"...Jesus came and stood among them and said to them,
'Peace be with you.'"
This past Saturday, the day between Good Friday and Resurrection Sunday, I kept thinking about the disciples and how they felt. Waiting in silence. Not knowing. Unsure. Questioning. All hopes shattered, broken to pieces like glass falling to the floor.
Was this all a lie? Did he deceive us? What do we do now? Where do we go from here? Are we next? Is denial our best option? Our only option? Do we admit we were wrong? Will they forgive us our treason?
The bible doesn’t tell us much about what happened between the crucifixion and the resurrection. Each of the renderings in Matthew, Mark, Luke, and John describe that period in a few sentences. Then they all make the shift by using one word.
“Now….” - Matthew 28:1
“When…” - Mark 16:1
“But…” - Luke 24:1
“Now…” - John 20:1
Though little is mentioned, we can only imagine the time between what came before each of these words and what comes after had to be a very perplexing time for the disciples.
Pain and grief are regular and natural occurrences in the midst of death, especially the death of someone we love. Often times in the wake of a loss there is a period of disbelief. Denial. The words, “This really can’t be happening right now!” haunt our thoughts.
I imagine this is the state the disciples were in. Like I said, the bible doesn’t give detail of their actions much less their emotions or thoughts. But they were human. They had lived their lives faithfully following Jesus up and down the dusty highways and byways of Israel. They loved Him. They felt the loss.
Verse 19 of John 20 gives us the best description of what was going on during that day. The day of rest. The sabbath that followed Jesus’ burial.
As the Jews were celebrating their victory, the disciples were consumed with fear. Locked away in a room. Guarded.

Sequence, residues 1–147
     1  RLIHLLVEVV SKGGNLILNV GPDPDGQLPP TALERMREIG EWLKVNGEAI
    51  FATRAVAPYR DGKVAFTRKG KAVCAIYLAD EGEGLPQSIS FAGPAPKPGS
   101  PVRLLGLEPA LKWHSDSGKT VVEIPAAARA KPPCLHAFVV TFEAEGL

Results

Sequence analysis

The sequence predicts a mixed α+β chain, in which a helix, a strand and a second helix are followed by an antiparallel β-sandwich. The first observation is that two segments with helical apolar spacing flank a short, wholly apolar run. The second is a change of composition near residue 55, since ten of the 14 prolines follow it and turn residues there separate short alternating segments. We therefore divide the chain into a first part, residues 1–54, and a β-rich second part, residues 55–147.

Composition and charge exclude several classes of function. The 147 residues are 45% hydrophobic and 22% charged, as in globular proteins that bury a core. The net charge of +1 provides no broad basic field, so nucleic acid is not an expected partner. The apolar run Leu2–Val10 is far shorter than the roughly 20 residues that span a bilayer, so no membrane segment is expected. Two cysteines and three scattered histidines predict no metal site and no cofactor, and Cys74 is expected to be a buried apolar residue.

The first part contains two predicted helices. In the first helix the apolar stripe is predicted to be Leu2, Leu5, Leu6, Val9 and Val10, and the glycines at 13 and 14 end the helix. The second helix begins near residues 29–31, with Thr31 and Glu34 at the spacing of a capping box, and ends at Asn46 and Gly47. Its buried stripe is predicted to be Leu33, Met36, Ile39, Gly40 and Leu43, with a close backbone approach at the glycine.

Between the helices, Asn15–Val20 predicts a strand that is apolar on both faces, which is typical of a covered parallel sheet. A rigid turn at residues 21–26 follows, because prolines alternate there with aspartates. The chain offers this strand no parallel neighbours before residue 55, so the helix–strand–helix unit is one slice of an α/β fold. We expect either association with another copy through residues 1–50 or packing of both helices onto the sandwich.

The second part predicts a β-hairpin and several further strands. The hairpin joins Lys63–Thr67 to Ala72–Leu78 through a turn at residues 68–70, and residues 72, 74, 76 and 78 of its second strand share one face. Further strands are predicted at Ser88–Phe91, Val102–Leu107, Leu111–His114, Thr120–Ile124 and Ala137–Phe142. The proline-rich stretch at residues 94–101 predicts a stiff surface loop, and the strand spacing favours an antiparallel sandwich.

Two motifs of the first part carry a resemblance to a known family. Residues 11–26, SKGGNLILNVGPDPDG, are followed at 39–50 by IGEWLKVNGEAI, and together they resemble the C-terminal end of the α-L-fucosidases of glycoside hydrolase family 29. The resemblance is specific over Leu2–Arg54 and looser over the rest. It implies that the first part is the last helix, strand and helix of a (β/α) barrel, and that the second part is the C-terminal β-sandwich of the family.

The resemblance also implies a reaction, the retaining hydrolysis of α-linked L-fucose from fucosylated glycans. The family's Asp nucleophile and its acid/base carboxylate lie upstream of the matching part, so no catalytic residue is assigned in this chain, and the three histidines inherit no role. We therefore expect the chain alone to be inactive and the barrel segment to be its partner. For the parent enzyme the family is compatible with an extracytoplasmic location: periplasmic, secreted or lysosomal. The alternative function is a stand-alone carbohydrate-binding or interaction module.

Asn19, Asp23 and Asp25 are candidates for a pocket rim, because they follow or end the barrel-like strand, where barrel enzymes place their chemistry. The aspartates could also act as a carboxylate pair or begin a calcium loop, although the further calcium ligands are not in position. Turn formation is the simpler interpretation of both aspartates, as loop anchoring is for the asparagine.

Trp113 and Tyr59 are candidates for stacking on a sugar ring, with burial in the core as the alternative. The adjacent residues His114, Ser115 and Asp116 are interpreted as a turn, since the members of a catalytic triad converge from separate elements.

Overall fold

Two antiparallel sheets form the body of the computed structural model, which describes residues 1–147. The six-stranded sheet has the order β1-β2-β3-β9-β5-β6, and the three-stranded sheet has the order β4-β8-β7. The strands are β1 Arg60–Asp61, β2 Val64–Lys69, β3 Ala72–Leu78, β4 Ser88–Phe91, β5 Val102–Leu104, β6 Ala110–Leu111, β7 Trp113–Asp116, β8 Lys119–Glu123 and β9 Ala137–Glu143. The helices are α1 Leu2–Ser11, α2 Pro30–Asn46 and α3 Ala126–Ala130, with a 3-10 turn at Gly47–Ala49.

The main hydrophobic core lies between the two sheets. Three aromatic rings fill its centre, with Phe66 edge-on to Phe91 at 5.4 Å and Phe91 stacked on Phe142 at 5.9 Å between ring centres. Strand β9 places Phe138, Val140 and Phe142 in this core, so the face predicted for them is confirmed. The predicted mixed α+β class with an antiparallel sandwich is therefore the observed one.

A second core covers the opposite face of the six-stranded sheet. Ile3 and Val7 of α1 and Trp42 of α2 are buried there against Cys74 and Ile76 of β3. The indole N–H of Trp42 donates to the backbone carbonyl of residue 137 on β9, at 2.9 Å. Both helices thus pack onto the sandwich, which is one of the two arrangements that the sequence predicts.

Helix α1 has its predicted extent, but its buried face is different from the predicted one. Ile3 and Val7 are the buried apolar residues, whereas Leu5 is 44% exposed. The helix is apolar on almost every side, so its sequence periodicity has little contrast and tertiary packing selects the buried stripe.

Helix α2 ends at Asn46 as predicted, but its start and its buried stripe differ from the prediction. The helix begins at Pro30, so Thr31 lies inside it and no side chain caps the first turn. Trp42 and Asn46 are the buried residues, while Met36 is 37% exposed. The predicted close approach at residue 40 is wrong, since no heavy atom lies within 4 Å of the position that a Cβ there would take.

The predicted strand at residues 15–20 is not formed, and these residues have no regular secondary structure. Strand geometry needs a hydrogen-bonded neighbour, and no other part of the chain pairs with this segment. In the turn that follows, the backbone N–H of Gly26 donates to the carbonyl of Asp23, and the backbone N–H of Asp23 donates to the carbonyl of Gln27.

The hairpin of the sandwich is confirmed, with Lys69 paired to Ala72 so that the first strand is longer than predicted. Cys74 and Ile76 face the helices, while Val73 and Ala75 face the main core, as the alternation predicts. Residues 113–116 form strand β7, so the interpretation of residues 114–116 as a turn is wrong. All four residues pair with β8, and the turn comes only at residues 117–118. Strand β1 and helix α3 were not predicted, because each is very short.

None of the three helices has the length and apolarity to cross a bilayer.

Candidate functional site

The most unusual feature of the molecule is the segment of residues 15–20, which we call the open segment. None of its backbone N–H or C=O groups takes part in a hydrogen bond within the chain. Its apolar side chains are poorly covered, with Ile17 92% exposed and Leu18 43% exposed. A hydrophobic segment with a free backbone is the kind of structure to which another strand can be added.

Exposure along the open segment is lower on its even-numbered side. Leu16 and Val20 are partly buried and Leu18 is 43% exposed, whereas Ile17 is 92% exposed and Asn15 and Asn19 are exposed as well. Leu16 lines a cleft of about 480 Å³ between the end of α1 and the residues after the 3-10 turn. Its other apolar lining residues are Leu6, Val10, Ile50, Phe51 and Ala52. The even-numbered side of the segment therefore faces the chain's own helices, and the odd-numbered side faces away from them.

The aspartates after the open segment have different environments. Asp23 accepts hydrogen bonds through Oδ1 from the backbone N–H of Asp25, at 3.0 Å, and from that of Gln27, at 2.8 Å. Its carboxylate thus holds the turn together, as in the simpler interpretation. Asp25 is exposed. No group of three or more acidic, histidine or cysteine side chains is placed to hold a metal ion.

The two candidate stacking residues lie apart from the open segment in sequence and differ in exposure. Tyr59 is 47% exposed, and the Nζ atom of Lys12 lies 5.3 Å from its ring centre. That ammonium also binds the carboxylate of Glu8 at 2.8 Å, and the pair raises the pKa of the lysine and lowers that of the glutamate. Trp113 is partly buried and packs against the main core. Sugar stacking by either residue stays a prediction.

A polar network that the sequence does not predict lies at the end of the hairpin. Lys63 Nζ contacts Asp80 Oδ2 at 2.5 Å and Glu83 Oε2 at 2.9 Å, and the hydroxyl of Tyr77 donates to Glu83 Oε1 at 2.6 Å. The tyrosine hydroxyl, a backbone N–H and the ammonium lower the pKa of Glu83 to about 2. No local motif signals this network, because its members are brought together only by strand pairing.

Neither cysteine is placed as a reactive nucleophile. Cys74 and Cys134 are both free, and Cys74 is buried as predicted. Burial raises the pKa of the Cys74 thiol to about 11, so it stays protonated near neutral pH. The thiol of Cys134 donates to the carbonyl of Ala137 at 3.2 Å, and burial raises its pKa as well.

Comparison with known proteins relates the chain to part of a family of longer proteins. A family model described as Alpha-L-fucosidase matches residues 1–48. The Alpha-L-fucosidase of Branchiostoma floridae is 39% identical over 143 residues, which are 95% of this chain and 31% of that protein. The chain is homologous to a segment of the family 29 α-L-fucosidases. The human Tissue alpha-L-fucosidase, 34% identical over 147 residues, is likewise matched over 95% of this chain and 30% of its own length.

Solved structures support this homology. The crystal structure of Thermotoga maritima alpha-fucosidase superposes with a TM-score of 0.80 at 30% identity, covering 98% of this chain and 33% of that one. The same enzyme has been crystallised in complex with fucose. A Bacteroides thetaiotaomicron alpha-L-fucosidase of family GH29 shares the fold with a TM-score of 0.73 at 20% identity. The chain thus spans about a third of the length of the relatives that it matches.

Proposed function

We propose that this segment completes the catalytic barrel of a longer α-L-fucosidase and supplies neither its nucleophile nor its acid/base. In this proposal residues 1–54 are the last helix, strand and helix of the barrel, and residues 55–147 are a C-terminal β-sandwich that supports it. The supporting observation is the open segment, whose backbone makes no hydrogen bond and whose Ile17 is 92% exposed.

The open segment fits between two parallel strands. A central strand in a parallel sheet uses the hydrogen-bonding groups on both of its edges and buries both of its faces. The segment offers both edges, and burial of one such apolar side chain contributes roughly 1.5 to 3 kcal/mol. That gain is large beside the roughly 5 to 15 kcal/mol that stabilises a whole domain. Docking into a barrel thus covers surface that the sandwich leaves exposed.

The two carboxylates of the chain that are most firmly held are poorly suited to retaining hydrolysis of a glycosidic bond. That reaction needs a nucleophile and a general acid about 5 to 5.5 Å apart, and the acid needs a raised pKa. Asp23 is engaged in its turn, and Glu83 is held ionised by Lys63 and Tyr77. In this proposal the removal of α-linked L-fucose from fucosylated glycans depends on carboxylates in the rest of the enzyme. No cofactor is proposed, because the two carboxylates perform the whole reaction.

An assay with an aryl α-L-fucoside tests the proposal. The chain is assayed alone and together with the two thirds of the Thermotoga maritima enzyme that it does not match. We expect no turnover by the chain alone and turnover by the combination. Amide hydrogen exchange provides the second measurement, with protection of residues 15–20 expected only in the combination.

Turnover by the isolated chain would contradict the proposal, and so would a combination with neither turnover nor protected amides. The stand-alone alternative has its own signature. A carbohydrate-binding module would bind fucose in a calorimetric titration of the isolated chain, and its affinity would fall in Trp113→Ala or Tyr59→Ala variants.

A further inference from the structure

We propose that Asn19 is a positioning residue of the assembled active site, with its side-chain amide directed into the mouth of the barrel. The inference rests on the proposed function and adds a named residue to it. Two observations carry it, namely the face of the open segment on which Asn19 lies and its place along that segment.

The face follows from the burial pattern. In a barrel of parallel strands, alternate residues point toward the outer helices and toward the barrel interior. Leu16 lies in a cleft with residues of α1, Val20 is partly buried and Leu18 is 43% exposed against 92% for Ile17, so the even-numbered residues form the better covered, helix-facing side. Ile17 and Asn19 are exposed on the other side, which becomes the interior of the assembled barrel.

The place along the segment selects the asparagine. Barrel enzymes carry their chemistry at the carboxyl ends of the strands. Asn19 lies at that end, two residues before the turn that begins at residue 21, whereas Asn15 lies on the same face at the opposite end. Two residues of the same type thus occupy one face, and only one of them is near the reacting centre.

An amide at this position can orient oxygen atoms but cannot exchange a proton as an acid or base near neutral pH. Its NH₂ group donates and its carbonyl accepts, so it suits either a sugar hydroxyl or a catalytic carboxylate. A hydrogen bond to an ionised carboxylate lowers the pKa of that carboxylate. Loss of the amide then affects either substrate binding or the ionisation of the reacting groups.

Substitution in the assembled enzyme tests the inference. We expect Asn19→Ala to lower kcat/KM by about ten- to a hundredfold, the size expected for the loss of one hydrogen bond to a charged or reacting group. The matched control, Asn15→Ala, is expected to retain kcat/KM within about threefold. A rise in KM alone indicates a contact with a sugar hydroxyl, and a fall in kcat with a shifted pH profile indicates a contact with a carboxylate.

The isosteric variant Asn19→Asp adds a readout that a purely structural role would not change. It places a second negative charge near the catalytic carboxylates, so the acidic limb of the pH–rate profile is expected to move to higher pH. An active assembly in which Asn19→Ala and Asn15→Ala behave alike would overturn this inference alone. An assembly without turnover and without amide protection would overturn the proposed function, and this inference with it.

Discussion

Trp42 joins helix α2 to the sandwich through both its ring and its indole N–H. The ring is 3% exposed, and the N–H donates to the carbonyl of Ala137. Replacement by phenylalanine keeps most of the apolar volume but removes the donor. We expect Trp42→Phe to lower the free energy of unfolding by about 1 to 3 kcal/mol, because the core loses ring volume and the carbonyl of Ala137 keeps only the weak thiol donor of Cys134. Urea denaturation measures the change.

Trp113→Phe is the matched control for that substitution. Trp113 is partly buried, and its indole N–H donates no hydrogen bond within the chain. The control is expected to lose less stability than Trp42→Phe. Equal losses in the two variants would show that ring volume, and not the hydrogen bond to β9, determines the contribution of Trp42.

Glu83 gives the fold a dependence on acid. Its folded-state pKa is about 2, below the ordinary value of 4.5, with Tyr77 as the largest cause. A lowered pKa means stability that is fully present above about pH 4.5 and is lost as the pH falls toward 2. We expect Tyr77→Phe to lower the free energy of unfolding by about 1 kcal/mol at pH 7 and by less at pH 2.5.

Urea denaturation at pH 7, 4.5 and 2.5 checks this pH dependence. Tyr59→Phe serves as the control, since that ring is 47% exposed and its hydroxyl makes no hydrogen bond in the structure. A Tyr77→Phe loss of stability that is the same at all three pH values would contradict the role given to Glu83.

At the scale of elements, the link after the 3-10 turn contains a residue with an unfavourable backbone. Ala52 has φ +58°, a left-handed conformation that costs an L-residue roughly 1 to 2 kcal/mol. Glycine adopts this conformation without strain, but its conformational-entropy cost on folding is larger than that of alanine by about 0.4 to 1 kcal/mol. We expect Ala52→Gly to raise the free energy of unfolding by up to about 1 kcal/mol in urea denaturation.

In our reading it is merely a brief moment. A few verses. Sentences and words. But in real time? Seconds turned to minutes which turned to hours. When verse 19 of John 20 arrives, two full days had passed since they pulled Jesus down from the cross. Two full days of dismay, worry, and doubt. Two full days fearing the Jews would come for them next. Two full days of not knowing what to do with their lives.Two full days of wondering, and probably arguing, about whether or not the past 3 years of their lives was a total sham.
All they had staked their lives on was gone.
Then, Jesus walks into the room and says, “Peace be with you.”
Wow! I wonder if in that moment the disciples remembered the time on the boat when He spoke to the winds and waves. “Peace! Be Still!” and all was calmed.
Every fear was stopped dead in it’s tracks by that familiar voice speaking that needed word.
How often do we live our lives in the time between the crucifixion and resurrection? How often do we find ourselves cowering in fear? Questioning the truth? Doubting whether or not this is real? Not knowing what is next for us?
One of the first effects of the resurrection of Jesus we see demonstrated is God bringing peace to chaos. Peace to fear. There is no fear that can keep Him out. Even though the door remained locked, Jesus came right on in. He stood in their midst. Then He made Himself known by voicing the word that pacifies the fiercest of storms.
But the implication goes beyond our natural fears. When Jesus stepped in and said “Peace be with you” He was stating that these men, because of the resurrection, now have peace with God. There is no longer wrath stored up for their sin. God’s wrath was appeased by the crucifixion and now peace is made available through the resurrection.
Jesus is the peace that stills and calms every fear. Jesus is the truth that answers every doubt filled question. Jesus is the way by which we journey from this point on. He is the direction we go. Jesus is the life that defeated death.
Now, because of the crucifixion and the resurrection we can unlock the doors, bust open the shutters, and step into this world with the confidence that HE IS RISEN! HE IS OUR KING!
We don’t have to live our lives as if we are in the time between the crucifixion and resurrection. We don't have to live in fear. There is a certainty we can know. An assurance that God has done more than we could ever ask, think, or imagine to reconcile us to Himself, make us His own, and bring us into the fullness of His Kingdom. There is a promise of life beyond what is here and now.
There is a certitude that what lies beyond those locked doors of fear is no match for the Resurrection and the Life, the Captain of the Lords armies, the Author and Perfecter of faith, the Lamb of God, the True Vine, the Righteous Branch, the Great Shepherd, the Word of God, the Almighty, who is and who was and who is to come, the King of kings, and the Lord of lords. He is all powerful and matchless.